“Once deployed on the victim’s phone, Pegasus allows the attacker to access sensitive data from the device (contacts, SMS, emails, photos, etc.), to track location and to activate the microphone and the camera for remote monitoring.
“Since 2016, Pegasus has been identified on several thousand “high potential” target’s phones. These include CEOs and CFOs of major financial and industrial companies, but also devices owned by journalists or non-governmental organisations,” said Tom Davison, EMEA director at Lookout, the security firm that first discovered Pegasus in 2016.
Use of third-party components in software creating security holes
Adam Brown, manager of security solutions at Synopsys, said that the exploitation of a bug in WhatsApp software is possible because applications, including WhatsApp, use many third party components. WhatsApp has ‘libssh’ in its inventory as do many others. Because of a bug in the version of ‘libssh’ (an open source client side C library implementing the SSH2 protocol) attackers are able to run their code on the victim’s phone.
“Its best practice for software companies to know what’s in their bill of materials that make up their software, and to compare that with known vulnerable versions of software components. By doing so, this kind of vulnerability can be avoided,” he added.
This isn’t the first time that hackers have been able to breach security holes in WhatsApp software to spy on users or to deploy various types of malware. In January last year, Kaspersky Lab discovered that an Italian IT company named Skygofree created a malicious software that could exploit an accessibility feature in Android to read everything displayed on a screen, including content from popular apps such as Facebook Messenger, Skype, Viber, and WhatsApp.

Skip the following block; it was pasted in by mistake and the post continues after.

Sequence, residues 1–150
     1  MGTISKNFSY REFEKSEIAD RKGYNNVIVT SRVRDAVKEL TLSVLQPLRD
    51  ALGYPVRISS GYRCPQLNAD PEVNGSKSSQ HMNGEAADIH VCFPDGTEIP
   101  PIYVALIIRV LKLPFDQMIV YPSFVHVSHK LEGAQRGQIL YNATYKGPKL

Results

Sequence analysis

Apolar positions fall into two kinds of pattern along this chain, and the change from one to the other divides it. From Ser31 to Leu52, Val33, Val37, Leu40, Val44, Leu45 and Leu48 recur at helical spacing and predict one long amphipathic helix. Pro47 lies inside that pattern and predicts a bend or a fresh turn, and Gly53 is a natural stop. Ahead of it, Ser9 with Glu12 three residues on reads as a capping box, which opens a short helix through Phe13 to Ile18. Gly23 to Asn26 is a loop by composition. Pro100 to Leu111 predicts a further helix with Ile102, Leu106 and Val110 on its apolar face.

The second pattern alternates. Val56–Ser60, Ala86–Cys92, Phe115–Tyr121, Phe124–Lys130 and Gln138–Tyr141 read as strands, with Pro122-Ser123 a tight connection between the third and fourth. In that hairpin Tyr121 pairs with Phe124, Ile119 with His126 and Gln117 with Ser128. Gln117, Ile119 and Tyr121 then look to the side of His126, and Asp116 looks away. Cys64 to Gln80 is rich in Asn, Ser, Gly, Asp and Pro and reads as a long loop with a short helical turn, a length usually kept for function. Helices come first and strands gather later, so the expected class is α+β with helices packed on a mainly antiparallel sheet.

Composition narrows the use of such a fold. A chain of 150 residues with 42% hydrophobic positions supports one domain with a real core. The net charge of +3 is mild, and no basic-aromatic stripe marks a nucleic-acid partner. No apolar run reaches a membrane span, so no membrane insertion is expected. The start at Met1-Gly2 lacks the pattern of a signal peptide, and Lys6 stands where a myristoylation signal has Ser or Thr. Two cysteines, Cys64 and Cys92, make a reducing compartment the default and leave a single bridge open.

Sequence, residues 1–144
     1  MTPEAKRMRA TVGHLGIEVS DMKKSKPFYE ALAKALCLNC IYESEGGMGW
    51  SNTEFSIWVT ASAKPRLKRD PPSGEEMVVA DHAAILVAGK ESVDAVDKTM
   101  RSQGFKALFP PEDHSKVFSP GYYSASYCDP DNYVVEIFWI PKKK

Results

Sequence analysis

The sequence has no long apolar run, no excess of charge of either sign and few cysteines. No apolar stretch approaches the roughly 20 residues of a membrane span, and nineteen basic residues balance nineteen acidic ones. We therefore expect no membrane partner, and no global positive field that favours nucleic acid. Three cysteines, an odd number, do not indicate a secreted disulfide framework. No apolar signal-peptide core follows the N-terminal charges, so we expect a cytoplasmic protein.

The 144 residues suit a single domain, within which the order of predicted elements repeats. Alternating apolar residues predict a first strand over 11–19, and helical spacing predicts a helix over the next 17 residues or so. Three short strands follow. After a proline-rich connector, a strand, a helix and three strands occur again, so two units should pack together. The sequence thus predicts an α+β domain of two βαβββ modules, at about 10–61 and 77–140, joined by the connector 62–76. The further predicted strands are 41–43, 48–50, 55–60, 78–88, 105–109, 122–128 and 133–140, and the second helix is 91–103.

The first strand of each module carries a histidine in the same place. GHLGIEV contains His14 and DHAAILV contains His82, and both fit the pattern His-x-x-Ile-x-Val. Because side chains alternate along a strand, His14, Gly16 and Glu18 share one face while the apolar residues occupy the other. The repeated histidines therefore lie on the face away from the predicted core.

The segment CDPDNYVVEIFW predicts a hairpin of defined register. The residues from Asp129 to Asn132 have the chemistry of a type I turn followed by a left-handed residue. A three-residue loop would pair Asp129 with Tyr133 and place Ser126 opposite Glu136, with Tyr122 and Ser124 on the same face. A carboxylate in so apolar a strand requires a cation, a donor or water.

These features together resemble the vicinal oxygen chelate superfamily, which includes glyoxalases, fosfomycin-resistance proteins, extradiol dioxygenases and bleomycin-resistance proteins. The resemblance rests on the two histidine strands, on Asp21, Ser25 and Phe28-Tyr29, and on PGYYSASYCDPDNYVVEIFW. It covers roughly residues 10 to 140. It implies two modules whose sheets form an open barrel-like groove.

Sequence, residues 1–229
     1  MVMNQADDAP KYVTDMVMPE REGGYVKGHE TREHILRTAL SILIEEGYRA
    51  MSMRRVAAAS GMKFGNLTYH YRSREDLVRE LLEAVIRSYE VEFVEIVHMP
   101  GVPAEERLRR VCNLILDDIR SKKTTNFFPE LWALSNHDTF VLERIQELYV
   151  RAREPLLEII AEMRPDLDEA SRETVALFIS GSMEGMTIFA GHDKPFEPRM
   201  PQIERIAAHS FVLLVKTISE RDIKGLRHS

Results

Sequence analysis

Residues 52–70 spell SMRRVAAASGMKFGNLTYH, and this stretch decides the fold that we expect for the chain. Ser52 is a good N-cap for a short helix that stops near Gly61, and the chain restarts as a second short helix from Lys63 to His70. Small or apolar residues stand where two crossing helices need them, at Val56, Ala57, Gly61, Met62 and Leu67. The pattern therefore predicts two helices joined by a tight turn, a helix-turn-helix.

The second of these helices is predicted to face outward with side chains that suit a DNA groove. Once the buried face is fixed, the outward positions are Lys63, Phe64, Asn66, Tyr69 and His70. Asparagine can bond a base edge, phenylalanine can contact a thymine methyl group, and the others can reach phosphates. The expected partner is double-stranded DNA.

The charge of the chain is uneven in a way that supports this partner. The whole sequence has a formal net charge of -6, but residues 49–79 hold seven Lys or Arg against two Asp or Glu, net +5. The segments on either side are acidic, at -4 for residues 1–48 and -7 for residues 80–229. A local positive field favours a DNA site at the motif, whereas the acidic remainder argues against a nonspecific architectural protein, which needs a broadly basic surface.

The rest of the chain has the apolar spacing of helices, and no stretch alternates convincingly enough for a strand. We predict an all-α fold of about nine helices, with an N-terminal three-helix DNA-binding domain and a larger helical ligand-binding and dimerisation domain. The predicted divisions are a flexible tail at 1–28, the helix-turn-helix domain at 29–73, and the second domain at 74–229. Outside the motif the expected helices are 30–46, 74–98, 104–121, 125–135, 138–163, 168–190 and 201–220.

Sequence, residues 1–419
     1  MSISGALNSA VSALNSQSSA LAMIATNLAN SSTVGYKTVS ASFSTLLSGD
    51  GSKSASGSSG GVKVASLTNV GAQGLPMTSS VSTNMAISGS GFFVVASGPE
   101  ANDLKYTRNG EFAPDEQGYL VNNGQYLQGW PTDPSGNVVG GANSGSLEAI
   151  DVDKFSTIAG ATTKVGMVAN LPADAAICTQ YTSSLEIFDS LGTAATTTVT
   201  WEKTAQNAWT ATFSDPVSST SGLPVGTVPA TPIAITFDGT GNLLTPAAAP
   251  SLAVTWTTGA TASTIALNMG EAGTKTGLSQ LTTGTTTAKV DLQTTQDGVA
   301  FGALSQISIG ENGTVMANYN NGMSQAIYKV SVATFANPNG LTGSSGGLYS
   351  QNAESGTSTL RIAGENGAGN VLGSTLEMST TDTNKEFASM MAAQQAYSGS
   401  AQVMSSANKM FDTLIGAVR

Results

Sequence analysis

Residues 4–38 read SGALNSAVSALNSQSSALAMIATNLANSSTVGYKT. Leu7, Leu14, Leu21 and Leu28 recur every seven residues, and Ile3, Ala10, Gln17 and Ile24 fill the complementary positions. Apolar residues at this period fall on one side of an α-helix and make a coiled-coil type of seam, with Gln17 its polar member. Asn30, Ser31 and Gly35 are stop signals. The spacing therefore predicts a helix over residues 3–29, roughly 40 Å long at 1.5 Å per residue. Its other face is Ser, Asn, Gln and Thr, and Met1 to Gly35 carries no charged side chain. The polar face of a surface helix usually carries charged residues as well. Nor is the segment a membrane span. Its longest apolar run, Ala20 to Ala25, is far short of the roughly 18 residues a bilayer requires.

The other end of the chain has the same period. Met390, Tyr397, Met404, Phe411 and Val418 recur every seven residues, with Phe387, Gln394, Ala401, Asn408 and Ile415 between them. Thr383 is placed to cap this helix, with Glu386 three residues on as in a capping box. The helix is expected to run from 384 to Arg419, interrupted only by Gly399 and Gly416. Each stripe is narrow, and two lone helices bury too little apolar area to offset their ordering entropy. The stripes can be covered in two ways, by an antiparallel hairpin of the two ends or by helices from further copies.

A year earlier, Tobias Boelter, a researcher at the University of California, discovered a security flaw in WhatsApp that enabled hackers to intercept messages sent using the service. He said WhatsApp could force the generation of new encryption keys for offline users, meaning the sender must re-encrypt undelivered messages with new keys and send them again.
The sender was only notified that this had happened after the messages were resent if they had encryption warnings turned on, and the recipient was not notified. This meant that if the recipient was offline when a message was sent, an attacker who could register the receiving number with the WhatsApp server could read the resent, re-encrypted message.
“The potential for governmental abuses from this misuse of encryption with WhatsApp is alarming. This is a serious vulnerability – WhatsApp needs to know how keys are protected in order to keep the global communications of over a billion users safe and private,” said Kevin Bocek, chief cyber security strategist at security firm Venafi.
“This potential gap in security is a reminder for businesses of the power of cryptographic keys and how a lack of knowledge regarding their use can have serious consequences. Systems need to be in place to protect and change keys quickly, as and when needed,” he added.